US4622215 *Mar 12, 1985Nov 11, 1986The United States Of America As Represented By The United States Department Of EnergyProcess for preparing fine grain titanium carbide powder
FR1329628A * Title not available
FR1359694A * Title not available
Non-Patent Citations
Reference
1Anon., "Technology Forecast '86, Surface Treating and Coating", Met. Prog. (Jan. 1986), pp. 45-48.
2 *Anon., Technology Forecast 86, Surface Treating and Coating , Met. Prog. (Jan. 1986), pp. 45 48.
3Aylett et al., "Chemical Vapour Deposition of Transistion Metal Silicides . . . ", J.C.S. Dalton (1977), pp. 2058-2061.
4 *Aylett et al., Chemical Vapour Deposition of Transistion Metal Silicides . . . , J.C.S. Dalton (1977), pp. 2058 2061.
5Aylett, et al., "Chemical Vapour Deposition of Metal Silicides from Organometallic Compounds with Silicon Metal Buds", Vacuum, vol. 135, No. 10-11 (1985), pp. 435-439.
6 *Aylett, et al., Chemical Vapour Deposition of Metal Silicides from Organometallic Compounds with Silicon Metal Buds , Vacuum, vol. 135, No. 10 11 (1985), pp. 435 439.
7Chem. Abstr. 78827; vol. 74 (1971), p. 161, "Metallic Films Obtained by Pyrolysis . . . ".
8 *Chem. Abstr. 78827; vol. 74 (1971), p. 161, Metallic Films Obtained by Pyrolysis . . . .
9Chem. Abstr. 97: 94774; vol. 97 (1982), p. 148, "Preparation of Metal Nitrides by . . . ".
10 *Chem. Abstr. 97: 94774; vol. 97 (1982), p. 148, Preparation of Metal Nitrides by . . . .
11Chemical Abstract No. 105,373h, vol. 79 (1973), "Pyrolysis of . . . ", p. 441.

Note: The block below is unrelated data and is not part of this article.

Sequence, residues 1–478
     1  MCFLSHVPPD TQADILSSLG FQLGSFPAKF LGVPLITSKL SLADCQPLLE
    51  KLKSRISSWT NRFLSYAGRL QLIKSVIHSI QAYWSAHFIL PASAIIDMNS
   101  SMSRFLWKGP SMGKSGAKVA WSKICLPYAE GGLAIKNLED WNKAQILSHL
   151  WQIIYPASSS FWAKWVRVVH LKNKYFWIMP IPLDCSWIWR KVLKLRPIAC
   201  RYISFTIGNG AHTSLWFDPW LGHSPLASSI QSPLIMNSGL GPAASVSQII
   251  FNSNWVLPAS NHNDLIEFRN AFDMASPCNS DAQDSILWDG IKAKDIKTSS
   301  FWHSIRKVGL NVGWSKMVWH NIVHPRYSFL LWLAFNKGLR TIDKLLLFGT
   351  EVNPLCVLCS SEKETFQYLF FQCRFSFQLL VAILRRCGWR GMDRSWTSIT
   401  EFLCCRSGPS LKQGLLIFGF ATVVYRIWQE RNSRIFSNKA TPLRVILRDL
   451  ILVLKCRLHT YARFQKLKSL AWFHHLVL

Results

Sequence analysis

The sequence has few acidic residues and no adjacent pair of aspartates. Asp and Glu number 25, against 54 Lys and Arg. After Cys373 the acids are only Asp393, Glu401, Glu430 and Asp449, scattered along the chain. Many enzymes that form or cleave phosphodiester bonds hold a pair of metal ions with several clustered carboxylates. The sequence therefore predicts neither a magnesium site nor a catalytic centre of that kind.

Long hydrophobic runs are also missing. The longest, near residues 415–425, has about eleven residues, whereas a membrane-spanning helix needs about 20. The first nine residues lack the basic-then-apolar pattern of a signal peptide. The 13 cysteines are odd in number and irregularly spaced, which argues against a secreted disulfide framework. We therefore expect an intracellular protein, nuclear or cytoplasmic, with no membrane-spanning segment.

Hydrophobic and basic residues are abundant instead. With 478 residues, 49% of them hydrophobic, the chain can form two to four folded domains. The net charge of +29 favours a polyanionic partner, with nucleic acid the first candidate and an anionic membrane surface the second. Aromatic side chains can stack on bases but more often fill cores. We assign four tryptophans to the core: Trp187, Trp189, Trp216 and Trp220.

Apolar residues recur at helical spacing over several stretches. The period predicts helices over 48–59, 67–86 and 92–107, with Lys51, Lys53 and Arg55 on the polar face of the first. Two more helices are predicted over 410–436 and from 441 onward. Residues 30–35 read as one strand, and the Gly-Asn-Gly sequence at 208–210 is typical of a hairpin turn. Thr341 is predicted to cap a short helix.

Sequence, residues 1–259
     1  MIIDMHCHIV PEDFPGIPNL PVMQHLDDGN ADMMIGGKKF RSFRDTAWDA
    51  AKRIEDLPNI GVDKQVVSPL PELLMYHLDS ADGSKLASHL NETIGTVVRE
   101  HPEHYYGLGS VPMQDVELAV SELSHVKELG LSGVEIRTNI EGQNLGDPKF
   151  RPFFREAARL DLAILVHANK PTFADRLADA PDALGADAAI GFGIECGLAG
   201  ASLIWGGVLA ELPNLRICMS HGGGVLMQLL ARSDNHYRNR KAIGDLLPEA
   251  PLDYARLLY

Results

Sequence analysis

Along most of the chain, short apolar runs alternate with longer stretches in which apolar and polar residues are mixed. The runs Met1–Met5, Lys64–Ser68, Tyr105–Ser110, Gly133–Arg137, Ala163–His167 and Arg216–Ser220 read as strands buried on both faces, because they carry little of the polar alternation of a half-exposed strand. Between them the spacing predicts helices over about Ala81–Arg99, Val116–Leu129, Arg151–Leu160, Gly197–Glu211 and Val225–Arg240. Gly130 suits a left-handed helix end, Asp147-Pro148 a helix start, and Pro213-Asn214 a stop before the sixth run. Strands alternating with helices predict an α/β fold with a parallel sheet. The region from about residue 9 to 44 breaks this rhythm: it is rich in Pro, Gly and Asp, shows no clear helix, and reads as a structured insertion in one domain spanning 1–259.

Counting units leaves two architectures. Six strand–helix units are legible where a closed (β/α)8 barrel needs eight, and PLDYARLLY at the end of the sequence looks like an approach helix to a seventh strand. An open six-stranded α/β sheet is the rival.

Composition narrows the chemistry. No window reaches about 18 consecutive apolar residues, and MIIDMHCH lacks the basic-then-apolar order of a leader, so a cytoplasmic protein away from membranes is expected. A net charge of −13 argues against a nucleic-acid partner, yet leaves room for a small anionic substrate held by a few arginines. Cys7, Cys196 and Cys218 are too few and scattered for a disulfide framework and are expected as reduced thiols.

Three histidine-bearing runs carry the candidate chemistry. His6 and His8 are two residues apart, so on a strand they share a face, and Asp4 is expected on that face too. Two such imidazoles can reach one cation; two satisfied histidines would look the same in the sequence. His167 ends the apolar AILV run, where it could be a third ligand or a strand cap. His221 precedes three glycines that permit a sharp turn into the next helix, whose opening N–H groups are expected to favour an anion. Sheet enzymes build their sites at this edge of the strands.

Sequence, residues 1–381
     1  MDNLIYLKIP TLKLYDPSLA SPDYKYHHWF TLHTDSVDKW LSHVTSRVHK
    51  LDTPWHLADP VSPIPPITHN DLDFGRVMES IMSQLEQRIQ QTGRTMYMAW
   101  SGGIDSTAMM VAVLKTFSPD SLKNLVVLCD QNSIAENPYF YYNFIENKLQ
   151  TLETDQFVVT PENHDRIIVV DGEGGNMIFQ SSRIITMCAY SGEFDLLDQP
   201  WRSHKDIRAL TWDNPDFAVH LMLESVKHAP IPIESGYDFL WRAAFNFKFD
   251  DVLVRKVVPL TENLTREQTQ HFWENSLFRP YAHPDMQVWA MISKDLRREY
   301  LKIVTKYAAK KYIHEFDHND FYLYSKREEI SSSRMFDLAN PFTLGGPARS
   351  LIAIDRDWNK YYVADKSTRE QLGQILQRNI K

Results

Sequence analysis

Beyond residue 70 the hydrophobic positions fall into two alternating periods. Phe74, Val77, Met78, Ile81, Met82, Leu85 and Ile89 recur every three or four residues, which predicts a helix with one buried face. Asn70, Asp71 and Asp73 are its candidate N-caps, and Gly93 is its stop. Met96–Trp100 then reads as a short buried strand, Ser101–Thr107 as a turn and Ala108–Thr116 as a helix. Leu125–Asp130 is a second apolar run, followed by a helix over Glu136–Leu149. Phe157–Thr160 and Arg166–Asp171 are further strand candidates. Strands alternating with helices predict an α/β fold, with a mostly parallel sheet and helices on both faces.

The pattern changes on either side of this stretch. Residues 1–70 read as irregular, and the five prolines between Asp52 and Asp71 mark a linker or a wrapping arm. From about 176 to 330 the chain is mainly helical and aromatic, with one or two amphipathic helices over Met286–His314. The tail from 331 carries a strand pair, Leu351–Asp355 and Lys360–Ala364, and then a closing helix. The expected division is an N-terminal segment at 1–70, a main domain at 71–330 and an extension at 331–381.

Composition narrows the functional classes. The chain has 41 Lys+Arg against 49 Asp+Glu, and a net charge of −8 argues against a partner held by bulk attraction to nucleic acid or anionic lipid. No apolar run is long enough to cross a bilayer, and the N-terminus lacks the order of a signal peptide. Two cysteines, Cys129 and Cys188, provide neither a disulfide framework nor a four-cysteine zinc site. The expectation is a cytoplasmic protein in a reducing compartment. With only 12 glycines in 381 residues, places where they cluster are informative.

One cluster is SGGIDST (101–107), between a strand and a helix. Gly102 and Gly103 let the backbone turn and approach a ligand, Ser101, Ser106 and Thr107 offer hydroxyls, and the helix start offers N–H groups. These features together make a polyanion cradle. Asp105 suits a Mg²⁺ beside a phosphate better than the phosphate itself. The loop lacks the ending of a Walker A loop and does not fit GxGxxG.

12 *Chemical Abstract No. 105,373h, vol. 79 (1973), Pyrolysis of . . . , p. 441.
13Chemical Abstract No. 111,618g, vol. 85 (1976), "Deposition of Metal . . . ", p. 200.
14 *Chemical Abstract No. 111,618g, vol. 85 (1976), Deposition of Metal . . . , p. 200.
15Chemical Abstract No. 164,968c, vol. 85 (1976), "Use of Organotitanium . . . ", p. 329.
16 *Chemical Abstract No. 164,968c, vol. 85 (1976), Use of Organotitanium . . . , p. 329.
17Chemical Abstract No. 167,514m, vol. 91 (1979), "Novel Applications . . . ", p. 680.
18 *Chemical Abstract No. 167,514m, vol. 91 (1979), Novel Applications . . . , p. 680.
19Chemical Abstract No. 195,948q, vol. 99 (1983), "Organometallic Copolymers", p. 593.
20 *Chemical Abstract No. 195,948q, vol. 99 (1983), Organometallic Copolymers , p. 593.
21Chemical Abstract No. 195,951k, vol. 99 (1983), "Poly (Titanocarbosilanes)", p. 593.
22 *Chemical Abstract No. 195,951k, vol. 99 (1983), Poly (Titanocarbosilanes) , p. 593.
23Chemical Abstract No. 517635, vol. 100 (1984), "Thermodynamic Study . . . ", p. 37.